If you are reading this blog, chances are you have been thinking of getting a road bike or have already gotten a road bike. As a cyclist, it’s imperative to familiarize yourself with the differences between bike fitting and bike sizing. These terms are used by bike shops and professional fitters for the following reasons:
- New bike purchase
- Pain or discomfort
- Desire to increase power and efficiency
Often bike fitting and bike sizing become intertwined, but they are completely different. With that said, fitting a road bicycle works best when you start with the right size bike or at a minimum, a bicycle that is close enough to your right size. As a result, both contribute to a comfortable, powerful and efficient ride.
Sizing a bicycle is not as complicated as you may have been led to believe, in part due to the reality that a good bike fit actually has little to do with the bicycle per se. Yet, we will touch on that part more in the fitting section.
Bike sizing is the process of taking the measurements of an individual and applying those specific measurements to match a person to the correctly sized bike frame.
Depending on where you go to get measured (or if you are doing this at home), you may find that shops, fitters, or a multitude of websites provide you with numerous ways to discover the correct bike size. One of the earliest methods was a formula applied by French Coach and former pro cyclist, Cyrille Guimard based on the inseam. Greg Lemond later used and popularized this method of multiplying the inseam measurement by .883 to determine saddle height and frame size.
A similar methodology remains in use today by some bike shops who will measure your inseam and have you stand over a bicycle top tube to obtain the proper frame size. If you use the ubiquitous Google search method, you’ll likely find a chart that suggests the best size for you based on a few measurements like you were purchasing a t-shirt or a hat (you are less likely to experience an injury from hat or t-shirt which is why bike fitting is vital).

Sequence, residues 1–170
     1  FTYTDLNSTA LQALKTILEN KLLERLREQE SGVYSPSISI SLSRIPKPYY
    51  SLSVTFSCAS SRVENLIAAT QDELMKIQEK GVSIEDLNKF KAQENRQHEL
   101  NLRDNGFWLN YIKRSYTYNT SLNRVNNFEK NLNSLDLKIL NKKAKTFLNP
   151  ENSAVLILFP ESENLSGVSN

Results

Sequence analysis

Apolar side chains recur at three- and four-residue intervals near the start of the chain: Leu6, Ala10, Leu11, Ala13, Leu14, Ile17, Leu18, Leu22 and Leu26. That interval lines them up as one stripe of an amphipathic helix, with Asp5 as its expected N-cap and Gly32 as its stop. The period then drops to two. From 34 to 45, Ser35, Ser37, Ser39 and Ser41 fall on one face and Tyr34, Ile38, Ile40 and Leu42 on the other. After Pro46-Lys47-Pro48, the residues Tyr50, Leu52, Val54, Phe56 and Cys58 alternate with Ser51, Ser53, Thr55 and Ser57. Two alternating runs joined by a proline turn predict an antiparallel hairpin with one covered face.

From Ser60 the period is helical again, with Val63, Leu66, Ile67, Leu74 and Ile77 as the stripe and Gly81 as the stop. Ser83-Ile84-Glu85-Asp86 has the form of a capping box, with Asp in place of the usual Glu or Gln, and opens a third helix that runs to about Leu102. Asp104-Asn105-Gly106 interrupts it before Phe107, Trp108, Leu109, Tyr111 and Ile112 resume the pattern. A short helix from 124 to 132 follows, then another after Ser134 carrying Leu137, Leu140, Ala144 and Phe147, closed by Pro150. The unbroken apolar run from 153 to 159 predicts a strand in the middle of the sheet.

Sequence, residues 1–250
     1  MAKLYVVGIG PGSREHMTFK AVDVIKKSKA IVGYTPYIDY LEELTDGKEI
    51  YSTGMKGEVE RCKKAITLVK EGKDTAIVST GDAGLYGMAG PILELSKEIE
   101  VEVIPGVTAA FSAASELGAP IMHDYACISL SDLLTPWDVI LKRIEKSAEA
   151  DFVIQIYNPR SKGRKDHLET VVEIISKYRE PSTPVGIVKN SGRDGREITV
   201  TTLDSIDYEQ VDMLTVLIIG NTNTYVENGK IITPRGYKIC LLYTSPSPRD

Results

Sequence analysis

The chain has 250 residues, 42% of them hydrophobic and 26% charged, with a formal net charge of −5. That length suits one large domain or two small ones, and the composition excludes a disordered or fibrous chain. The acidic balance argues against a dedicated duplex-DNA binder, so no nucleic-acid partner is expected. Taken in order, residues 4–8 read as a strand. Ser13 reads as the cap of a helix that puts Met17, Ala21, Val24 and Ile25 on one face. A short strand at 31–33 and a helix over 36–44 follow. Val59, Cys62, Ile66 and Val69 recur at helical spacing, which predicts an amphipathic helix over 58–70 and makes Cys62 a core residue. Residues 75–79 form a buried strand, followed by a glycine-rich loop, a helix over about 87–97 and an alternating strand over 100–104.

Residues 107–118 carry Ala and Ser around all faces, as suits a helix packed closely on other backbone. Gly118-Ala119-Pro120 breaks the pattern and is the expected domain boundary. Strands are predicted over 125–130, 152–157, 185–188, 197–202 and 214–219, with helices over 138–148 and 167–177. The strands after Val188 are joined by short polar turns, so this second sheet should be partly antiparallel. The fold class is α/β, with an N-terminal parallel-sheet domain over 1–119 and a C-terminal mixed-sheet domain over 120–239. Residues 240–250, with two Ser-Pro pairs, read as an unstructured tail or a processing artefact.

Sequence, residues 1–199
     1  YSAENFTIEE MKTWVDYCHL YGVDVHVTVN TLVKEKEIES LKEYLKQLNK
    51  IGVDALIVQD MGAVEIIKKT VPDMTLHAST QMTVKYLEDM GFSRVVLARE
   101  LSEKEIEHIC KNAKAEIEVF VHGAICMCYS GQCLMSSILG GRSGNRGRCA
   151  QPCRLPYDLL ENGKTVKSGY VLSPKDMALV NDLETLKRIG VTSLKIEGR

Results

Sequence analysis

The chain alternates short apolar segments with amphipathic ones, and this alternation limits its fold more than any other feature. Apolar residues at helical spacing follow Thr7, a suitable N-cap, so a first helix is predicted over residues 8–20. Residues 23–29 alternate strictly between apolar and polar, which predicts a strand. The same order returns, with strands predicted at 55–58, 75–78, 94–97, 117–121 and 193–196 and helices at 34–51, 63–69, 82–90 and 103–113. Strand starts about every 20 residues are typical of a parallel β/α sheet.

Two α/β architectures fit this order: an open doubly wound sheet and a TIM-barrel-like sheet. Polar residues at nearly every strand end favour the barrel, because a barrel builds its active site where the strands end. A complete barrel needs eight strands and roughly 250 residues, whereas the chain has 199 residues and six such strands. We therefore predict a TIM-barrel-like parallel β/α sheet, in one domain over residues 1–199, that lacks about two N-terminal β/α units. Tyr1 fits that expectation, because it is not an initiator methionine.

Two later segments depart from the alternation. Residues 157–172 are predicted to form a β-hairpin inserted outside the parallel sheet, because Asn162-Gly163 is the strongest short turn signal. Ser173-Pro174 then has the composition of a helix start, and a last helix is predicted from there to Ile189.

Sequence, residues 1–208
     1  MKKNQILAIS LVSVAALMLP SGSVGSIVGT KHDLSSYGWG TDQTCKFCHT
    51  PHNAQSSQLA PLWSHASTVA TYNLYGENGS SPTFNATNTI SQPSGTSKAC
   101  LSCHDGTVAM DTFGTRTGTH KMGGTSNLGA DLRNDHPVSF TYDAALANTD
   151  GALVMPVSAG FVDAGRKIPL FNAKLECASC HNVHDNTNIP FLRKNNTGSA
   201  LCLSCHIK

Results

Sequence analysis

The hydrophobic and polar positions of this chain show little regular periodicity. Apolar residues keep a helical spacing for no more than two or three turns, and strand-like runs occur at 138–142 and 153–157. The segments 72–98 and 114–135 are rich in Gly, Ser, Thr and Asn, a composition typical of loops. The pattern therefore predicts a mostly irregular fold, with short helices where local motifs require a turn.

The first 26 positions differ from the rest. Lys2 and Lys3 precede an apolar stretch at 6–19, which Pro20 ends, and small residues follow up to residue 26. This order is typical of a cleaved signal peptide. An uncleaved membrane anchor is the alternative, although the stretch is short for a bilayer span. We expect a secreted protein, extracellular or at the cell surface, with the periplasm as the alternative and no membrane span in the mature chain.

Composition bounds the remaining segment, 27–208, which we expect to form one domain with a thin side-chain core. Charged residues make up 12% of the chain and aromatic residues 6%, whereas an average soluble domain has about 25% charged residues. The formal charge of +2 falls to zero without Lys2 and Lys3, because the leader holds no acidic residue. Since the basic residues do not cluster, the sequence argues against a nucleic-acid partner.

Other sizing resources or formulas will use multiple measurements to match you with the perfect frame. Considering the plethora of options with seat posts, stem lengths, riding positions and cycling disciplines, it’s vital that the shop or fitter ask you about what type of riding you’ll be doing to pick out the correct frame. This goes without saying that this process should be completed in order to ascertain your frame size before fitting.
Bike FittingOnce you’ve completed the sizing process, fitting a bicycle comes down to the contact or connection points between the cyclist and their bicycle and adjusting those moving parts on the chosen bicycle. These five connection points are the right and left foot, the pelvis, and right and left hands. Even if your bike is not the correct “size,” as long as you get the connection points in the ideal place, you can still achieve a good and comfortable bike fit. That being said (as we mentioned previously), we do recommend starting some of the ideas above in the sizing section before fitting.
A proper bike fit has more to do with the saddle, handlebars, brake levers and hoods, stem and, most importantly, shoes, cleats, and pedals.
We will discuss in further details on bike fitting in our next blog article.